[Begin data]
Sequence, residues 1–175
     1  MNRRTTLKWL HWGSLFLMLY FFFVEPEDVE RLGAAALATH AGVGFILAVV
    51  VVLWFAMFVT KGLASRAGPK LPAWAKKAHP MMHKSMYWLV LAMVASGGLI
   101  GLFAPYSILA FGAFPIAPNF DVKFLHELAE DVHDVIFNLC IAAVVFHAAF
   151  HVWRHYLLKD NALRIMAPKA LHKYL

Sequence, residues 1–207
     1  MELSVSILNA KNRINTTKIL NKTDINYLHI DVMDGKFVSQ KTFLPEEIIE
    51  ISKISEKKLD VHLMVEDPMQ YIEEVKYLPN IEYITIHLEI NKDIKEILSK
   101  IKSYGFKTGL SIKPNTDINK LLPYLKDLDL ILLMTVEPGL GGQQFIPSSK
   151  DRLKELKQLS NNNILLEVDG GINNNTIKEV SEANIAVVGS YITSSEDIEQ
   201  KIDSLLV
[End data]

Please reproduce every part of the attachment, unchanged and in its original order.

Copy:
Sequence, residues 1–175
     1  MNRRTTLKWL HWGSLFLMLY FFFVEPEDVE RLGAAALATH AGVGFILAVV
    51  VVLWFAMFVT KGLASRAGPK LPAWAKKAHP MMHKSMYWLV LAMVASGGLI
   101  GLFAPYSILA FGAFPIAPNF DVKFLHELAE DVHDVIFNLC IAAVVFHAAF
   151  HVWRHYLLKD NALRIMAPKA LHKYL

Sequence, residues 1–207
     1  MELSVSILNA KNRINTTKIL NKTDINYLHI DVMDGKFVSQ KTFLPEEIIE
    51  ISKISEKKLD VHLMVEDPMQ YIEEVKYLPN IEYITIHLEI NKDIKEILSK
   101  IKSYGFKTGL SIKPNTDINK LLPYLKDLDL ILLMTVEPGL GGQQFIPSSK
   151  DRLKELKQLS NNNILLEVDG GINNNTIKEV SEANIAVVGS YITSSEDIEQ
   201  KIDSLLV